"Discovery matters are within the trial court's sound discretion, and this Court will not reverse a trial court's ruling on a discovery issue unless the trial court has clearly exceeded its discretion. Home Ins. Co. v. Rice, 585 So.2d 859, 862 (Ala. 1991). Accordingly, mandamus will issue to reverse a trial court's ruling on a discovery issue only (1) where there is a showing that the trial court clearly exceeded its discretion, and (2) where the aggrieved party does not have an adequate remedy by ordinary appeal. The petitioner has an affirmative burden to prove the existence of each of these conditions."

872 So.2d at 813 (emphasis added).

         The court in Ocwen then noted that, generally, an appeal provides an adequate remedy for challenging a discovery order and, therefore, that filing a mandamus petition is not an appropriate method for challenging a trial court's discovery rulings; the court noted the expense to the judiciary associated with review of interlocutory discovery orders and the interruption of litigation as reasons for not reviewing all petitions for a writ of mandamus pertaining to discovery orders. Ocwen, 872 So.2d at 813. In Ocwen, our supreme court held that Alabama's appellate courts would no longer review a discovery order by way of a petition for a writ of mandamus, except

"(a) when a privilege is disregarded ...; (b) when a discovery order compels the production of patently irrelevant or duplicative documents, such as to clearly constitute harassment or impose a burden on the producing party far out of proportion to any benefit that may obtain to the requesting party ...; (c) when the trial court either imposes sanctions effectively precluding a decision on the merits or denies discovery going to a party's entire action or defense so that, in either event, the outcome has been all but determined, and the petitioner would be merely going through the motions of a trial to obtain an appeal; or (d) when the trial court impermissibly prevents the petitioner from making a record on the discovery issue so that the appellate court cannot review the effect of the trial court's alleged error."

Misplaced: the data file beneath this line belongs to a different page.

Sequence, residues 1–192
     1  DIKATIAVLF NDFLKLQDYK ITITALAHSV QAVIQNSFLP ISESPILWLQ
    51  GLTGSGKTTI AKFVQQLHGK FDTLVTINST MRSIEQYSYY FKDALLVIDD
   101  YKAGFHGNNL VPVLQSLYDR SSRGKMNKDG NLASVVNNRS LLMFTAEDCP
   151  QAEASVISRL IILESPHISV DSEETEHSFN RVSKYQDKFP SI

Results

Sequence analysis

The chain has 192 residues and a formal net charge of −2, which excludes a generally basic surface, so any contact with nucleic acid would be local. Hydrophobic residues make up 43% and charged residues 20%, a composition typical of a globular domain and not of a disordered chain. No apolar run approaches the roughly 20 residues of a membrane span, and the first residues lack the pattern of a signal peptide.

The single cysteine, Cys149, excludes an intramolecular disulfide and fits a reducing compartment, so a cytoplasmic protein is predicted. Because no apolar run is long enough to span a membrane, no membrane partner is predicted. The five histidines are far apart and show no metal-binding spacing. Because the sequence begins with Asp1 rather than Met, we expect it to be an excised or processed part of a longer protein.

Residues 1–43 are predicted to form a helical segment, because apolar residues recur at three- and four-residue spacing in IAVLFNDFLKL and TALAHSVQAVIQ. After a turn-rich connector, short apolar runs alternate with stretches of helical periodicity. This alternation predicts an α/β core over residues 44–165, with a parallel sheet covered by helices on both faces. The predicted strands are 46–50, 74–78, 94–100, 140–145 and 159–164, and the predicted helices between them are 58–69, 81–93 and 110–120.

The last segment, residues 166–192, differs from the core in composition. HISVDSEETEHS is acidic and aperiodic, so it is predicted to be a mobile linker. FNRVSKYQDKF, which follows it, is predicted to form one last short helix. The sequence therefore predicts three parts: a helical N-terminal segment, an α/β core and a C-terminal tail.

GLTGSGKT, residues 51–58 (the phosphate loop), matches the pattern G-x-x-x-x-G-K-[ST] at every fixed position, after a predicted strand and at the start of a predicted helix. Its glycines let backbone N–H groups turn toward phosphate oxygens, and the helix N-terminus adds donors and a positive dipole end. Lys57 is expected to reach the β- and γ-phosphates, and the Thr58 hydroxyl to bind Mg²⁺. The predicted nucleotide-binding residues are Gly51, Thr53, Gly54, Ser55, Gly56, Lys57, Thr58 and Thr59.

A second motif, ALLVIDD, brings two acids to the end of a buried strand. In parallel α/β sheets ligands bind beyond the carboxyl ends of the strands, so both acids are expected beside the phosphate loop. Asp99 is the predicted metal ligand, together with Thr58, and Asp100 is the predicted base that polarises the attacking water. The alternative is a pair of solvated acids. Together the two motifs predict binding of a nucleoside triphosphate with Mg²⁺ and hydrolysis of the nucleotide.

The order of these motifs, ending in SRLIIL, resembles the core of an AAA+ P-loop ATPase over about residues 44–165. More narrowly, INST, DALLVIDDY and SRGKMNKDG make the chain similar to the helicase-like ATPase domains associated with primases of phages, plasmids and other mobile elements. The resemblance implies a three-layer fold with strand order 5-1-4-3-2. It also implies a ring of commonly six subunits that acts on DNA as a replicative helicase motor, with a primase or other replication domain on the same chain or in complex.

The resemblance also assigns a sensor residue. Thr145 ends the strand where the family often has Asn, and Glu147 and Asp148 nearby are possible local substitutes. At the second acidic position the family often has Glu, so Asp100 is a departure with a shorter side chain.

872 So.2d at 813-14.

         In this case, this court granted a motion filed by Farley to allow him to submit a reply brief in response to Transport America's answer to his petition for a writ of mandamus. In that reply brief, Farley argues that Transport America has mischaracterized his petition for a writ of mandamus as challenging a discovery order. Farley contends that Ocwen and similar authority do not preclude review of this matter by a petition for a writ of mandamus because, he says, his argument is that the February 26, 2019, order is not a permissible discovery order and that the method for obtaining information pursuant to that order is outside the methods of discovery that are listed in Rule 26(a), Ala. R. Civ. P. However, another portion of Rule 26 provides, in part:

"Parties may obtain discovery regarding any matter, not privileged, which is: (I) relevant to the subject matter involved in the pending action, whether it relates to the claim or defense of the party seeking discovery or to the claim or defense of any other party; and (ii) proportional to the needs of the case, considering the importance of the issues at stake in the action, the amount in controversy, the parties' relative access to relevant information, the parties' resources, the importance of the discovery in resolving the issues, and whether the burden or expense of the proposed discovery outweighs its likely benefit. It is not ground for objection that the ...